“The Unknown Saint” is an understated, chuckle-out-loud caper comedy from Morocco. It works the deadpan side of the street, spare in its dialogue, leaning on sight gags and situational ironies. What you get is an intimate parody of a parable, a comedy content to earn smirks and knowing grins and never reach for belly laughs.
Younes Bouab plays our unnamed “Thief,” on the lam when his car breaks down in BFE, Morocco. Thinking fast, he grabs his haul and buries it on a rocky desert hilltop. He cunningly makes the buried bag look like a grave, because the man knows his culture. No self-respecting Muslim would stoop to desecrating a grave. Then the sirens wail and “Hands up!” and “On your KNEES!” commands become the film’s first words (in Arabic with English subtitles).
Some time later, the thief returns to the exact spot to collect his reward for his time in prison. Damned if the locals haven’t built a shrine to “The Unknown Saint” buried up on that hilltop.
“Are you a pilgrim?” the villagers want to know. Sick? “You came to be healed by the saint?”
His long hair and beard give everybody the wrong idea. As he rents space in the local inn and takes a shave and shearing with the eccentric yet fastidious local barber/dentist (Ahmed Yarziz), he ponders his situation. There are pilgrims at the shrine every day. The locals are sure they can be healed there.
And at night, the Guard (Abdelghani Kitab) keeps watch with his beloved Alsatian.
The thief doesn’t know that there’s a new doctor in town (Anas El Baz), and that he is quick to take up a cause of his crotchety nurse (Hasan Badidah), who loathes this shrine and the superstition it feeds. Who will see the doctor for a real ailment when they think they’ll be “cured” with thoughts and prayers and shrine visits?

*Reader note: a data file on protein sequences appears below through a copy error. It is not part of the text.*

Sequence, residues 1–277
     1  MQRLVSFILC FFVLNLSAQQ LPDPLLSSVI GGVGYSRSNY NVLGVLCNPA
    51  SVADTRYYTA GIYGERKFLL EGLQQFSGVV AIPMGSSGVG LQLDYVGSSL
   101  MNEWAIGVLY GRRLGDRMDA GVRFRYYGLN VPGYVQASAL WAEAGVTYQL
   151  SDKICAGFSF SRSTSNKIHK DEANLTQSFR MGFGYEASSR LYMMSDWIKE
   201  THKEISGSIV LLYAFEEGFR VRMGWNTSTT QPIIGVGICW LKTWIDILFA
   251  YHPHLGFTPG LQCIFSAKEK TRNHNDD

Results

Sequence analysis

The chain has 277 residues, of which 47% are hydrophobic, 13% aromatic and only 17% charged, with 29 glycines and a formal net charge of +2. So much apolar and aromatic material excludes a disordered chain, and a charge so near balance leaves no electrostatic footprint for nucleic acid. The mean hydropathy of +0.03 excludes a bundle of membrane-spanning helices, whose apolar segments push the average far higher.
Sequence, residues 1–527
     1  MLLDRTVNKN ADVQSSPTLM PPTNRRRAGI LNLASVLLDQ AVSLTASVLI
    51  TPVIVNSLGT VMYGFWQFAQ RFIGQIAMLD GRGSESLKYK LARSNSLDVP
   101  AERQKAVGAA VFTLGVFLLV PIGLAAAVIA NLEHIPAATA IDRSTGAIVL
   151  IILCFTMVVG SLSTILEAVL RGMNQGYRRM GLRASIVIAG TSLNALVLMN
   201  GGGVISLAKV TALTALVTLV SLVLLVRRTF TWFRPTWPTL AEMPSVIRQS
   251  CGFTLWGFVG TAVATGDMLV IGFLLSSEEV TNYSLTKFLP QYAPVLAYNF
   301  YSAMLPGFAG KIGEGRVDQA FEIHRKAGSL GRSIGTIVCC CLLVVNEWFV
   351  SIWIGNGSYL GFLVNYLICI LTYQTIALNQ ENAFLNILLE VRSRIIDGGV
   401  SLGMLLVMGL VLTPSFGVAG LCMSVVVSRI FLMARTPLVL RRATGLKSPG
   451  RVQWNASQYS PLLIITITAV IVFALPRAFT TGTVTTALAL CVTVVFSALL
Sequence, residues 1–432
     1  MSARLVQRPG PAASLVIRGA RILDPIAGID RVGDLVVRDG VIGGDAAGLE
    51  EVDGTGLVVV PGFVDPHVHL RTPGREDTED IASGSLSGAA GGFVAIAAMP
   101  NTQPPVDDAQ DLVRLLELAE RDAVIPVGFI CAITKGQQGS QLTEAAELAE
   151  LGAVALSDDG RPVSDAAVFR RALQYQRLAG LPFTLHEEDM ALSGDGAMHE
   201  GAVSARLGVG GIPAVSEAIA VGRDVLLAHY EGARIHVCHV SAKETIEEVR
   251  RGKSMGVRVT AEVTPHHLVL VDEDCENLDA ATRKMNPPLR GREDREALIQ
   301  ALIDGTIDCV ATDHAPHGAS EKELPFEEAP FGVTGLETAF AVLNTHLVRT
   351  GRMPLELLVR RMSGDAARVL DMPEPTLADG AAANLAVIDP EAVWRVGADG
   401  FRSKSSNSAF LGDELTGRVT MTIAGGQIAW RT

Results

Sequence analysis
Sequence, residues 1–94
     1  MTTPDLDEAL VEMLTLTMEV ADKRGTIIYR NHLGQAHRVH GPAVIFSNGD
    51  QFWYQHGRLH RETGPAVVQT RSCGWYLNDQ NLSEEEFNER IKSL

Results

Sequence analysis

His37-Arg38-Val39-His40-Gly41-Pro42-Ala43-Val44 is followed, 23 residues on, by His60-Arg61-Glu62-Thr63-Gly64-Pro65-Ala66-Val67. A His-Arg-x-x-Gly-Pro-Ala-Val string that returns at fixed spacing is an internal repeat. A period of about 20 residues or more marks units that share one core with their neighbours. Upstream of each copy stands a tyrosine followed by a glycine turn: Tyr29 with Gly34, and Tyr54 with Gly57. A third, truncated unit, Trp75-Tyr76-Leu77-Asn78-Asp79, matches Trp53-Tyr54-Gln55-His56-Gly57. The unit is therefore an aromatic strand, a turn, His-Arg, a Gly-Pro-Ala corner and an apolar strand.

And the thief could never know that the aged farmer Brahim (Mohammed Nouaimane), and his son Hassam (Bouchaib Semmak) are both desperate for rain a place where the soil “is no longer earth, just dust and rocks,” and resent the shrine for the friends it has displaced from their land.
Not knowing he has anti-shrine allies, the thief summons a cellmate (Salah Ben Saleh) whose nickname in prison was “The Brain,” but which the Thief acknowledges was given him “ironically.” Can two thieves, dressed in black, pull off the caper of distracting or dispensing with the guard so that they can dig up the treasure buried beneath the floor?
First time feature director Alaa Eddine Aljemon finds laughs in the elaborate hand-washing ritual the barber practices, in the way the locals start to regard the guard as a hero for fending off would-be assaults on his shrine, the guard preferring his dog to the company of his “useless” little boy and the “ailments” everybody concerned brings to the new village doctor.
“I’m here for my headaches.” “How long have you had them?” “Twenty years.”
Naturally, the nurse keeps the supply of placebos stocked.
The thieves argue about how far they should go to retrieve the loot, with one willing to do what it takes and the other insisting, “I’m a thief, not a criminal.”
The slight charms here include the story’s droll unpredictability and the utterly deadpan, irony-free performances. But those charms are “slight” above all else. In the poker game that every screen comedy plays, pretty much anybody watching will spot the money — aka “laughs” — that Aljemon leaves on the table. He’s not the Moroccan Keaton, Chaplin or Jacques Tati.
But anybody still “looking for comedy in the Muslim world” can be encouraged by this offbeat and off-the-beaten-path charmer.
MPA Rating: unrated, some violence
Cast: Younes Bouab, Salah Ben Saleh, Bouchaib Semmak, Mohammed Nouaimane,
Anas El Baz, Abdelghani Kitab, Hasan Badidah, Ahmed Yarziz
Credits: Scripted and directed by Alaa Eddine Aljemon. An A-One Films/Match Factory release, on Netflix.
Running time: 1:40